Senior journalists from the Independent an i newspapers came to Bournemouth on Tuesday to debate the political chaos that is sure to follow the general election on May 7th.
i Whitehall Editor Oliver Wright chaired the debate which asked the panel is political chaos good for British democracy?
Independent on Sunday Political Editor Jane Merrick and Independent Voices Editor Simon O’Hagan both agreed with the motion, saying it would be ‘refreshing’ for the voting process, while Independent Chief Political Columnist Steve Richards disagreed.
Mr Richards claimed voters will end up more disillusioned with politics on May 8th when they realised that they wouldn’t get what they voted for, whichever of the parties they chose.
The debate focused on a number of topics including Scotland, the NHS and compulsory voting.
In a quick poll of the panel, both Ms Merrick and Mr O’Hagan thought Scotland would no longer be part of the union in 25 years, but Mr O’Hagan said he thought, in opposition to the Conservative campaign, the prospect of a Labour-SNP coalition was “exciting”.
“If the SNP were in Putney, where I live, I’d vote for them,” said Mr O’Hagan.
However, Mr Richards claimed SNP leader Nicola Sturgeon was still in a “honeymoon” state, adding the SNP were “riding a wave” that would soon die down.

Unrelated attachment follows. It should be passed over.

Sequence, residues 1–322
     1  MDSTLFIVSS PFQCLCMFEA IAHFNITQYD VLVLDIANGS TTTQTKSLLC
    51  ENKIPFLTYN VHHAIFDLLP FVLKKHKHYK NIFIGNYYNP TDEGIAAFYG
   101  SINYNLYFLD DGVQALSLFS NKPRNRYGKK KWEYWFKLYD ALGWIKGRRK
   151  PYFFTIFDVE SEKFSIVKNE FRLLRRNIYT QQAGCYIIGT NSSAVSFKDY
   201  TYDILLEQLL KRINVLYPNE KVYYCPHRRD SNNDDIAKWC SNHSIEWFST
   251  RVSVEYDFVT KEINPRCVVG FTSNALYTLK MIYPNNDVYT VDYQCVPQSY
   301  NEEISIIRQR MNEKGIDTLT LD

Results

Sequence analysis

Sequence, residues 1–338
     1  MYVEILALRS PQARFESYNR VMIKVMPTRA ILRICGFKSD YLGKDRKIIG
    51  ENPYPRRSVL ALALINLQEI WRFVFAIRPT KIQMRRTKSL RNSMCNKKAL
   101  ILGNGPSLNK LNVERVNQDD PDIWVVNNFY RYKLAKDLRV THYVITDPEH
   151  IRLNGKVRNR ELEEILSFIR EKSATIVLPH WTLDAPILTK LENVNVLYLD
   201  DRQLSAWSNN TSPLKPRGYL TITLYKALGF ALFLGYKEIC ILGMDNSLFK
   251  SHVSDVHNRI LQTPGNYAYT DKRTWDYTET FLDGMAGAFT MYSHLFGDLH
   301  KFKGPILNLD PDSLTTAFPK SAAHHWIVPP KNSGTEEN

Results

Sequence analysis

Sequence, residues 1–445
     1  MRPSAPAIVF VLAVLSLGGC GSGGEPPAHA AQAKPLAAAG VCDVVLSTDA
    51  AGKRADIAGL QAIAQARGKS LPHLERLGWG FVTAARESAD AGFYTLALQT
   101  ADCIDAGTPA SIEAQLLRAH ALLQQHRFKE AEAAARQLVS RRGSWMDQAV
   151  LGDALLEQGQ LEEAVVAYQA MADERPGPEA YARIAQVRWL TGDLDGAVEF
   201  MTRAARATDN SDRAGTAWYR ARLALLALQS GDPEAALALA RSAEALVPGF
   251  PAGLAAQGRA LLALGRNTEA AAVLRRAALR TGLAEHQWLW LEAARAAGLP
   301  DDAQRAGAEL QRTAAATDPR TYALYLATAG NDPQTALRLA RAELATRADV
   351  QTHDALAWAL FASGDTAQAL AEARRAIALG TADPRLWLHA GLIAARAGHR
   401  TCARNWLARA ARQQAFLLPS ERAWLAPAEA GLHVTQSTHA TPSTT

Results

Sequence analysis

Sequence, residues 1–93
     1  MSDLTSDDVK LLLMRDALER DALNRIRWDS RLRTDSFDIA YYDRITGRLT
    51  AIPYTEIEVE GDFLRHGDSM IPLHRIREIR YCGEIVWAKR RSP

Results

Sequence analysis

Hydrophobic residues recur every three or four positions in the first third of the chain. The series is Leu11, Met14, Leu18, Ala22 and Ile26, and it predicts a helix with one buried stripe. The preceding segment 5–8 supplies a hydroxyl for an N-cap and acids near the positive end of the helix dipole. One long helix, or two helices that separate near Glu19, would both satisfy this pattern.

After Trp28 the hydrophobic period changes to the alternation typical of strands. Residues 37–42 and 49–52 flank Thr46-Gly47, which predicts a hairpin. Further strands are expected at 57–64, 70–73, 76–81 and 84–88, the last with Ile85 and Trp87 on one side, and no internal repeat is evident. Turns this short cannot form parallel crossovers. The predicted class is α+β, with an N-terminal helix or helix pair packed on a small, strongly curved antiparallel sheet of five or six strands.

On the NHS, the panel agreed that the campaign pledges would not be enough to save it. Mr O’Hagan thought Britain has seen the last days of the NHS, while Ms Merrick criticised the party leaders for throwing sums of money at the NHS in their campaign pledges. “If you’re going to spend billions and billions of our money, we want to know where it is being spent,” said Mr Richards.
Voter disillusionment has been a central issue of this election and one audience member asked the panel whether they agreed with compulsory voting. Mr Richards said refusing to vote is “unforgivable”.
— i newspaper (@theipaper) April 28, 2015
— Rachael Pells (@RachaelPells) April 28, 2015
Following in the theme of this election, the audience were undecided on the motion.